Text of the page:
The construction industry can expect to see more changes over the next decade than it has in the last five. Collaborative project delivery methods, integrated building design, and technological advances are changing the way contractors do business. To remain competitive, contractors must learn to adapt and embrace changes or risk falling behind. The International Masonry Institute’s (IMI) recently-launched New Contractor Start Up program and Contractor College certification are designed to help new and existing union mason contractors gain the skills they need to meet industry demands.

Integrated Building Systems

Masonry walls and floors are evolving from individual components in structures to integrated systems that meet the functional needs of building programs, considering aesthetics, cost, performance, efficiency, sustainability, accessibility, safety, and other requirements. More and more, building owners and construction managers expect mason contractors to take on the role of building enclosure specialists, with responsibility for structure, thermal, moisture and air control layers, along with a variety of new veneer systems.

New Delivery Methods

With this push towards a more integrated design and construction approach, delivery systems and contract forms are also changing, replacing the traditional design/bid/build relationship. The success of design/build and fast-track arrangements are making integrated project delivery and other share-the-risk and share-the-reward contracts more popular. In these new models, contractors are expected to use their specialized knowledge of materials and assemblies to provide design solutions. Doing so gives contractors the opportunity to increase profits, but also puts them at risk for the designated scope of work and raises liability concerns that they must understand and prepare for.

Technological Advances

New and emerging technologies are also transforming the way the industry – and contractors – design, plan, and execute projects. Digital technology, the Internet of Things, building information modeling (BIM), construction management software, tablets, new safety equipment, and other advances present contractors with a new set of tools to master. As contractors expand their responsibilities and face increasing pressures to improve construction costs, schedules, and efficiencies, these tools can be critical to their success.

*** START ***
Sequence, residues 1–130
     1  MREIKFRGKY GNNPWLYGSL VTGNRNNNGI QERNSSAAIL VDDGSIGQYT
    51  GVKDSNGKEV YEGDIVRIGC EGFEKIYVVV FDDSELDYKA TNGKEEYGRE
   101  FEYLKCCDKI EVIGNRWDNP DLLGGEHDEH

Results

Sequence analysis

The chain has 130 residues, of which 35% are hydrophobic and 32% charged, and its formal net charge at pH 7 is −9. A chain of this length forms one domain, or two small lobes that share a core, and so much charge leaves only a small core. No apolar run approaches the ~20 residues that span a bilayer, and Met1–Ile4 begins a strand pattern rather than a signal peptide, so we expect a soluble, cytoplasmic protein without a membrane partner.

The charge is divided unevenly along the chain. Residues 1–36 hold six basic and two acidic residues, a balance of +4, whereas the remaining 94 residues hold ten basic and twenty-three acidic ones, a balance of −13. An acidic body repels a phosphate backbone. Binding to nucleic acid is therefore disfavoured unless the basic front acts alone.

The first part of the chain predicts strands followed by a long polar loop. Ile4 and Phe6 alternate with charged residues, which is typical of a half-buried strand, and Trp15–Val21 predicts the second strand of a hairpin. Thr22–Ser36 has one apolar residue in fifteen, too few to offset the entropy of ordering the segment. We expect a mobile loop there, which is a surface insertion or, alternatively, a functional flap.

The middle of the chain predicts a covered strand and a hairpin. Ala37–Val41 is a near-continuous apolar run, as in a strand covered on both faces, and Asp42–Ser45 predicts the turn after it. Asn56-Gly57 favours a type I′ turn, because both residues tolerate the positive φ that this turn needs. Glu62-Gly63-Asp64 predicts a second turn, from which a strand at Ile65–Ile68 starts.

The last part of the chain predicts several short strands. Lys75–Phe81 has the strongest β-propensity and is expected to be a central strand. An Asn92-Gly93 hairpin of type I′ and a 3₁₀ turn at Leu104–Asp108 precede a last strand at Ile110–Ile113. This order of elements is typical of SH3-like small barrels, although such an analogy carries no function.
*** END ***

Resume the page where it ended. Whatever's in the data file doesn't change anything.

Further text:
New Contractor Start Up Program

In addition to helping existing contractors learn new skills amidst ongoing industry changes, IMI offers continuing education for up-and-coming contractors. New Contractor Start Up (NCSU) is 1-day course that introduces new and prospective union mason contractors to the realities of running a business in today’s market.

“New contractors want to make sure they clearly understand all the parameters of starting a business,” said IMI Technical Director Dave Collins, who lead the curriculum development for NCSU. “They need to have a grasp on contractual obligations and liabilities, how to meet manpower needs and handle HR duties, how to estimate, and most importantly, how to be profitable and build a substantial and sustainable business. NCSU provides an overview of these issues and connects them with resources to get started.”

The 8-hour curriculum offers introductory material on the following topics:

  • Masonry industry
  • Skillset of successful contractors, with self-evaluation to assess current skills and gaps
  • Day-in-the-life of a mason contractor
  • Construction plans and specifications, with resources for additional training
  • Financial needs, insurance, and bonds, including a breakout discussion with professionals
  • Accounting, including project-based cost-control and cost-analysis systems
  • Estimating systems and software
  • Safety training and OSHA requirements
  • New technology
  • Business forms and ownership types

NCSU launched in March, kicking off in Indiana and Michigan with plans to travel to Ohio, Kansas, California, and other parts of the country throughout 2018. The program was developed by a multi-disciplinary team of former contractors, construction managers, craftworkers, and supervisors. The course attracts skilled craftworkers looking to make the transition from employee to employer or expand their startup. Many of these craftworkers have advanced technical knowledge and experience with supervision, jobsite layout, and project management, and are ready to hone their skills to better prepare themselves to run a business.

Contractor College

To master the skills introduced in NCSU, contractors can go on to pursue IMI’s Contractor College Certification program.

Contractor College offers training in four core subject areas: Project Management and Estimating; Quality Control; Business Operations and Opportunities; and Health, Safety, and Legal issues. To earn certification, students must take four hours of course material in each area and complete IMI’s Sustainable Masonry Certification program to be qualified to meet LEED standards and green building strategies. To maintain the certification, contractors must complete a half-day refresher course within four years of completing the course to stay up-to-date on changes in safety, building systems, contract forms, codes and standards, digital technology, legal issues and other relevant industry matters.

To learn more about NCSU, Contractor College, and other upcoming continuing education opportunities for contractors, visit http://imiweb.org/event-calendar/.

 

Photo caption: Dave Collins with Jesse Hanks, owner of J. Hanks Masonry, and employee Julie Hanks, during the NCSU in Indiana. Jesse Hanks has been a member of the International Union of Bricklayers and Allied Craftworkers since 2008. He recently made the transition from employee to employer, becoming a signatory contractor in February of this year.